Rocks of Hope: Interrogating PM DR Abiy Ahmed’s Reform within the Boomerang Model of Human Rights

 

Introduction

As I write this term paper, stream of demonstrations across Ethiopia has continued owing to human rights violations. Human rights and social movements have constitutive relationship. An Ethiopian scholar of human rights focuses on policy outcomes and legal decisions. Scholarship that examines this link in Ethiopia is relatively slow to develop.

Ethiopian People’s Democratic Revolutionary Front (EPDRF) has been attempting to silence social movements. There have been brutal crackdowns. The crackdown on people’s social movement resulted in further resistance. At this stage, the regime is giving locus for dissident voices and we are experiencing glimmer of hope for human rights protection is taking its resonance.  Hitherto, rapid pace of reform is taking place since the appointment of Prime Minister (PM) DR Abiy Ahmed as of April 2, 2018.

Rocks of hope are an engagement citizens have been taking for protection of human rights in Ethiopia. It represents a struggle for justice in the face of injustice.  It represents those who fought for equality in the face of inequality. It connotes optimism followed the reform. These are values of legitimate struggle. Values of legitimate struggle are terse in the Constitution of Federal Democratic Republic of Ethiopia, the Constitution herein after. Under the 7th paragraph of the Preamble of the Constitution, it is provided that the common struggle of Nations, Nationalities and Peoples has brought the peace and the prospects of democratic order of the country.

In human rights language, Boomerang Model is the strategy of identifying human rights violations someplace and then generating attention in order to bring pressure to bear on the perpetrators back in the country of concern. Repressive regimes may be subject to internal and external pressures to conform with human rights norms. In response, they may consider concessions to secure trade advantages, or because they have been ashamed for not conforming to the standards of the international community.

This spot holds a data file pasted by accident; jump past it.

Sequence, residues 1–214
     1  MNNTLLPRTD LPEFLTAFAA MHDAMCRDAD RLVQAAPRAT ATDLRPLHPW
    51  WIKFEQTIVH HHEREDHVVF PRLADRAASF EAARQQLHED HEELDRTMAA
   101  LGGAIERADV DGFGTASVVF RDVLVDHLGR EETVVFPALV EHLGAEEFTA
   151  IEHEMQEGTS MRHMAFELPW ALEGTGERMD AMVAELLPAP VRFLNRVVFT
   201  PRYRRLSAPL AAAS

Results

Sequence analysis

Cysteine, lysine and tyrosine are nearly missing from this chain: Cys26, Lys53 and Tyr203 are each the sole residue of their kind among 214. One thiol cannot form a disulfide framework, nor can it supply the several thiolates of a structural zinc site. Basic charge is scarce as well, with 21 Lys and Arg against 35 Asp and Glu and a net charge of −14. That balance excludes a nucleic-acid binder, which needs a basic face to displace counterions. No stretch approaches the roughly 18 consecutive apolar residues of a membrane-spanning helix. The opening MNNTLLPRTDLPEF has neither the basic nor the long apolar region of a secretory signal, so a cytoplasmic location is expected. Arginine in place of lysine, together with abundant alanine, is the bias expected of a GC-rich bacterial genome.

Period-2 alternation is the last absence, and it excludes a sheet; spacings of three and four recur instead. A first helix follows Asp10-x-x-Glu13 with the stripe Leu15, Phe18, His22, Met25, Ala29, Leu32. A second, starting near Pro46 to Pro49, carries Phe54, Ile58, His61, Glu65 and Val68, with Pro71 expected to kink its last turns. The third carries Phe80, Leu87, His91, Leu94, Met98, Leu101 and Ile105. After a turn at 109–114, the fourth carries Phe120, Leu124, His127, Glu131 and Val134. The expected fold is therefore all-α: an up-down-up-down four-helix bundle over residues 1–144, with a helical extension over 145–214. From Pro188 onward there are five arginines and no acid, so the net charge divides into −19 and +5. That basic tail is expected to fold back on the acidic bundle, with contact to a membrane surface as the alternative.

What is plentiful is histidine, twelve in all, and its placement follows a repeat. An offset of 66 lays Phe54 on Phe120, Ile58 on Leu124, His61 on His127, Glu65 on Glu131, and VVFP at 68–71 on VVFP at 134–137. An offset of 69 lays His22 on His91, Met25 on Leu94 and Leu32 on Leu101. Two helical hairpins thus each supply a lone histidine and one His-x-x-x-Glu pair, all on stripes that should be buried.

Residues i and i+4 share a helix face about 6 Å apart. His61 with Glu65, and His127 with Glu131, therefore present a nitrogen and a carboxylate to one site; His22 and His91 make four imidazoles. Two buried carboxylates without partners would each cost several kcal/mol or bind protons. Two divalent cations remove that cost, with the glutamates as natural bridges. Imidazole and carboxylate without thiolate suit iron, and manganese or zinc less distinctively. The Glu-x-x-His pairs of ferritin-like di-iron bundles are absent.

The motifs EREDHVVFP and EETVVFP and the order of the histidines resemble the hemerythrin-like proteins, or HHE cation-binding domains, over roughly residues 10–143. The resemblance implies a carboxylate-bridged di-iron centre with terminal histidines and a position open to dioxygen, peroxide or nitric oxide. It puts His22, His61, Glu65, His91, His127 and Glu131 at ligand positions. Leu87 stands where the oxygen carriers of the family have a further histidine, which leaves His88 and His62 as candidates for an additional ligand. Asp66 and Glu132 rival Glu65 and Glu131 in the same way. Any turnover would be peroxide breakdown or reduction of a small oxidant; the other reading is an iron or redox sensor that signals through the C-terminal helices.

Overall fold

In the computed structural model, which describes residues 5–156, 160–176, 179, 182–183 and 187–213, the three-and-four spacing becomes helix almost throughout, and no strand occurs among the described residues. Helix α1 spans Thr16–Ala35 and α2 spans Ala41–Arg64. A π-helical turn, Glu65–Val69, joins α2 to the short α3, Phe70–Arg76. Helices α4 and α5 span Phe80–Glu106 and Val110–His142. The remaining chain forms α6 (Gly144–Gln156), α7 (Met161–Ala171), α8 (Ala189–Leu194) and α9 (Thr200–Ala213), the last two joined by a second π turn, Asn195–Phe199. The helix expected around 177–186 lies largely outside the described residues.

The theme of this term paper is interrogating the reform within the Boomerang Model. It deals with the resistance paid to bring the reform and the responses and steps taken. The pace of reform will be assessed in terms of the ramifications it has on human rights protection. It ends with conclusion and recommendation.

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Commentary on the draft proclamation of special interest of state of Oromia in Addis Ababa city

INTRODUCTION

The advent of a modern constitution in Ethiopia goes back to the 1931 Constitution which was designed to fortify an absolute monarchy. It was revised in 1955. Unlike its predecessor, the Revised Constitution had a section on the “Rights and Duties of the People” devoted to several human rights and democratic freedoms. Another constitution came in 1987 under the military dictatorship. On paper, the 1987 Constitution guaranteed civil and political rights and personal freedoms though, in practice, none of these were protected in any manner. All three constitutions made sure that the issues of group rights, such as the interest of Oromo People in Addis Ababa City, were not raised.